Last week I joined a group of Central alums, Dr. Terry Rosell, and a few others for the Central Alumni January Midrash and Meal. We gathered in the Clendening library, University of Kansas School of Medicine, for dialogue informed by Rebecca Skloot’s book The Immortal Life of Henrietta Lacks from an ethical perspective. Even though my calendar was full attending this event was well worth my time.
Prior to making my reservation to attend I knew nothing about the book or Henrietta Lack’s story. After reading the first few pages I quickly realized Rebecca Skloot was not only telling Henrietta’s story, she was provoking a response. Each chapter unfolded ethical issues of racism, medical malpractice, systemic injustice, abuse, poverty, all spilling forth from Henrietta Lacks life story.
Henrietta, a 31 year old African American woman, presented with an unusual cancerous cervical tumor. The doctors had never seen a tumor quite like hers. In 1951 at John Hopkins hospital medical science researcher Dr. George Gey collected cells from her tumor without Henrietta’s consent or knowledge. Her cells were the first cells to live in a test tube and continue to multiply. Gey named the living cells HeLa using Henrietta Lacks name. However, when Dr. Gey publically shared his medical science triumph he did not disclose HeLa’s truthful name. When Henrietta died that same year she and her family knew nothing about her famous cells. By a chance coincidental meeting in 1973 Henrietta’s family first learned of her fame.
Studying HeLa cells for medical science eventually led to a multi-million dollar industry. Tubes of HeLa shipped out all over the world. HeLa cells have been used to “develop drugs for treating herpes, leukemia, influenza, hemophilia, and Parkinson’s’ disease; and they’ve been used to study lactose digestion, sexually transmitted diseases, appendicitis, human longevity, mosquito mating, and the negative cellular effects of working in sewers.” “HeLa cells were one of the most important things that happened to medicine in the last hundred years.” (p. 4)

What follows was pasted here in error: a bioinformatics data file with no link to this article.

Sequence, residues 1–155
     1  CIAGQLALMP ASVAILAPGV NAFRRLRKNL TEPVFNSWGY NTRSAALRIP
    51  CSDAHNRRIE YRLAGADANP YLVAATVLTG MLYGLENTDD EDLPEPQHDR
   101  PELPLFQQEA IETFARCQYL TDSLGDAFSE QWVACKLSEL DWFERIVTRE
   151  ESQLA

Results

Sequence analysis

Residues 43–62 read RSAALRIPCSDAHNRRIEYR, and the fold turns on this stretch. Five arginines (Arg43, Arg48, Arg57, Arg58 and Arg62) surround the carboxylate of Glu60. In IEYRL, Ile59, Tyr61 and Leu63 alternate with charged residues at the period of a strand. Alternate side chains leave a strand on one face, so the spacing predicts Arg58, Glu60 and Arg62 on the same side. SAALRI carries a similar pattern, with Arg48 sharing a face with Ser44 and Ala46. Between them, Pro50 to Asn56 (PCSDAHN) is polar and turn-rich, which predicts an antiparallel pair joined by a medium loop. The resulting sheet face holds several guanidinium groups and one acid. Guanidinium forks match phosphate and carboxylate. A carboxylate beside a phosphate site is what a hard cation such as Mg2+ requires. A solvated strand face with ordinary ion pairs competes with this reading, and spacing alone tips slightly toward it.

The issues presented opportunity for lively discussion and a great challenge to those of us gathered at K.U. At what point are living, dividing cells no longer considered human, and when are they no longer ours? Should there be compensation for harvested cells and tissues? Where would healthcare be today if Gey had not collected those cells? How do we fight capitalism and governmental participation? What about ongoing issues of racism, poverty, and healthcare? Should Henrietta’s family be compensated in some way? How do we or should we address these continued issues in our ministries today? Whether human cells and collected tissues are immortal or not, many painful stories of injustice remain alive. How do we say I’m sorry?
Deborah and Sonny, two of Henrietta’s grown children point towards our much needed response. Deborah, “I always have thought it was strange, if our mother cells done so much for medicine, how come her family can’t afford to see no doctors?” Sonny, “Hopkins say they gave them cells away, but they made millions! It’s not fair? She’s the most important person in the world and her family living in poverty. If our mother so important to science, why can’t we get health insurance?”
Rebecca Skloot took the first step by paying attention to her initial awareness of Henrietta Lack’s story. Her passion and desire to uncover and reveal the truth resulted in years of digging, exploring, listening, and caring. In her effort to make things right proceeds from the book support The Henrietta Lacks Foundation established by Skloot to benefit Henrietta’s family.
My lingering question is what will we do to make things right?